Coast Guard applies regs for 2018 gold dredge operations
Gold dredge operations offshore Nome may fall under new U.S. Coast Guard regulations for the 2018 summer mining season. Waiting for the ice to go out before finding out may not be a good plan, according to new enforcement regulations for the upcoming season. The Coast Guard has decided that Nome dredges must more closely comply with federal requirements for safety sake.
It seems the grace period for coming into compliance with certain federal regulations has passed. Until now, operators have had leeway to come into compliance with federal commercial vessel requirements. However, this season the USCG may board vessels and take enforcement action against any vessel found non-compliant. The USCG considers all gold dredges operating in the vicinity of Nome to be commercial vessels, according to the USCG Gold Dredge Safety Handout for 2018, which cancels the Sector Anchorage Marine Safety Information Bulletin 01-17.
On the other hand, the USCG safety personnel will less likely board vessels that have a voluntary safety decal or have already been inspected; however, the USCG has the power to board any vessel, according to the USCG advisory.
The USCG, with cooperation from Port of Nome personnel, keeps an eye on the dredge operations involving a large variety of vessels dredging for gold during ice-free months three nautical miles seaward of the territorial sea baseline near Nome in terms of vessel safety and environmental protection.
The specific commercial standards that apply to each vessel depend on the vessel’s length, tonnage, age, area of operation, and means of propulsion. The Coast Guard considers a dredge to be any type of floating dredge, including excavators and dive platforms, including jack-up dredges but excluding bottom crawlers. A self-propelled dredge has its own motorized unit, while a non-self-propelled dredge is a barge that depends on another vessel for movement.
Some gold dredges will have to hold a line load certificate or a Certificate of Inspection to operate in 2018. A load line certificate says that the vessel has been inspected as regards certain federal regulations. Load line refers to the minimum amount of freeboard a vessel may have, meaning the measure of how much of the vessel is above water. Owners of vessels exceeding 79 feet in length and weighing more than 300 gross tons as well as owners of any size dredge without propulsion must be inspected and have a Certificate of Inspection.
An “uninspected vessel,” in reference to regulations, is a vessel that is self-propelled and less than 300 gross tons. With few exceptions, most dredges in Nome fall into this category, according to the 2018 safety handout. Just the same, uninspected dredges must adhere to general commercial vessel safety standards. At the same time, locals have observed a decline in small dredge operations with a trend toward larger operations.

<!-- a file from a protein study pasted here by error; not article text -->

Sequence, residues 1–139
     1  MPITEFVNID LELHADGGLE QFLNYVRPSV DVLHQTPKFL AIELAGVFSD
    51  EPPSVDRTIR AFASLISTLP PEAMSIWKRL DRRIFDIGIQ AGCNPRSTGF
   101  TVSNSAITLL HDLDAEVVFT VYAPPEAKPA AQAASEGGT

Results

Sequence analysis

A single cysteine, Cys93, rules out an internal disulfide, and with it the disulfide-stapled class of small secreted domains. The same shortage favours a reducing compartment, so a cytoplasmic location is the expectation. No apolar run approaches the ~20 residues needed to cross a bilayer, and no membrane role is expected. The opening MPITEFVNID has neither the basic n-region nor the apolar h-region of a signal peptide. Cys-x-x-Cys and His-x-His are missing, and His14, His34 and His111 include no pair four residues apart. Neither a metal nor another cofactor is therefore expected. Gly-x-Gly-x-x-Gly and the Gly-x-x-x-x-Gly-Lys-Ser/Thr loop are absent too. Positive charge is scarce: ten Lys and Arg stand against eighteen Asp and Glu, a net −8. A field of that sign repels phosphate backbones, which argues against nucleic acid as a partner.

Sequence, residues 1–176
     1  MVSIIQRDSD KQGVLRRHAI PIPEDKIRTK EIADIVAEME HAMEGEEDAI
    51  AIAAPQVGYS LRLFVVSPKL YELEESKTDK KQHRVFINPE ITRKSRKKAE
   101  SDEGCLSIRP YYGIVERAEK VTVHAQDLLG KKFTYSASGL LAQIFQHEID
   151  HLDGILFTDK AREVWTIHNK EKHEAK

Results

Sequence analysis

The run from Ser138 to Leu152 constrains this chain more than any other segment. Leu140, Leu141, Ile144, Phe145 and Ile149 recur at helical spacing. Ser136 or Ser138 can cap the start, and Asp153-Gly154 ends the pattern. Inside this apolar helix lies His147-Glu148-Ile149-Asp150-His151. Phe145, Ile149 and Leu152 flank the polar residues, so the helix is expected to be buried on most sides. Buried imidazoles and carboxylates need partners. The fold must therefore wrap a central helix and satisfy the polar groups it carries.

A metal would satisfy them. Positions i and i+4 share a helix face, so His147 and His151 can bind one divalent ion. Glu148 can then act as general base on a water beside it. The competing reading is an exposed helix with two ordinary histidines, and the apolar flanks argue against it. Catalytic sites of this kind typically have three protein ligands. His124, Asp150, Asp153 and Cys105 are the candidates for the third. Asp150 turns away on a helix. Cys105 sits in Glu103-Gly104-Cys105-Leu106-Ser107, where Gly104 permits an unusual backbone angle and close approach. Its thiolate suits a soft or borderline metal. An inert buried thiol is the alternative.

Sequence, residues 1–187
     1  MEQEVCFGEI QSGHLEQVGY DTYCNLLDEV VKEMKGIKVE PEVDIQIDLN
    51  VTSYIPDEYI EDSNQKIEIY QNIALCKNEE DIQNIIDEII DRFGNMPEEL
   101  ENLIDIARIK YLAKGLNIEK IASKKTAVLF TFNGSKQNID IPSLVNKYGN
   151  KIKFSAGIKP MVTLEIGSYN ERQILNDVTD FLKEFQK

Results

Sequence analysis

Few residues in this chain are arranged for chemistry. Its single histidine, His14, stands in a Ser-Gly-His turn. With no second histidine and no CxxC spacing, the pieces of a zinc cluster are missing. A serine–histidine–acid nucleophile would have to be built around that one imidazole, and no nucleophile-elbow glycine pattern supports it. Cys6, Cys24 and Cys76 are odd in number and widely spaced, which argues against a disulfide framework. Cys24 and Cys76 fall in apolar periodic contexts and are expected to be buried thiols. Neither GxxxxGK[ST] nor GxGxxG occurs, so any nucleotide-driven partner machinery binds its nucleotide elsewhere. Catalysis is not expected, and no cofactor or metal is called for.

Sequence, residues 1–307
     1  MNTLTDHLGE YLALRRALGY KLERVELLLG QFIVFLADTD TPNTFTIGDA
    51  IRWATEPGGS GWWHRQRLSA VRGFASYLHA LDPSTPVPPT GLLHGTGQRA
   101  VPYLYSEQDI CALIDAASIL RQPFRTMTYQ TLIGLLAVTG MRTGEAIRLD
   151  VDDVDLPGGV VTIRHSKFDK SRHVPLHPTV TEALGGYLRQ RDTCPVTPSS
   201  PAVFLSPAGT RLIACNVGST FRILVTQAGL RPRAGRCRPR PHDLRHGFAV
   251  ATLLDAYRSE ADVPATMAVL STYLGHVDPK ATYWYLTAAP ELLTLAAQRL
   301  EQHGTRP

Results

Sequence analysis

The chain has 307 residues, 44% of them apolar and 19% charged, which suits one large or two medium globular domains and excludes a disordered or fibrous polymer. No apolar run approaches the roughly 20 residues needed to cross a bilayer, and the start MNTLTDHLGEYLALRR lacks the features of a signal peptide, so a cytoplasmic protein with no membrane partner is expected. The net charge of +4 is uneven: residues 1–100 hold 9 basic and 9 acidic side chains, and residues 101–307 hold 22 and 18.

Vessels, which are not required to have a load line certificate or COI, may still participate in the voluntary examination program and receive a decal annually
Owners of dredges that do not have their own propulsion and need to be towed to safely maneuver need to know that tow boats longer than 26 feet starting this 2018 season require a federal Certificate of Inspection and a credentialed master mariner to operate them, according to the advisory.
The USCG has put out the notice that informs and urges larger dredge operators and owners to contact the USCG early and if needed, to submit Form CG-3752 30 days ahead of time to arrange for an inspection and to seek additional information concerning regulations that would apply to their vessels.
“If you currently own a gold dredge or are considering purchasing or buying a gold dredge, please call sector Anchorage at the earliest opportunity to ensure your vessel is in compliance with regulations,” Lt. Brittany Akers, chief of Port State Control for Sector Anchorage, said in the notice.
Here’s the good news: “Receiving an inspection of your dredge won’t subject you to fines or other enforcement,” according to Akers.
Inspection dates will be posted on the USCG District 17 Web site.
The Gold Dredge Safety Handout 2018, available to the public online, contains loads of information concerning requirements and includes enclosures addressing accident reports, dive lights and flags for Nome dredge divers, and diver and boater safety lessons learned from past incidents and experiences.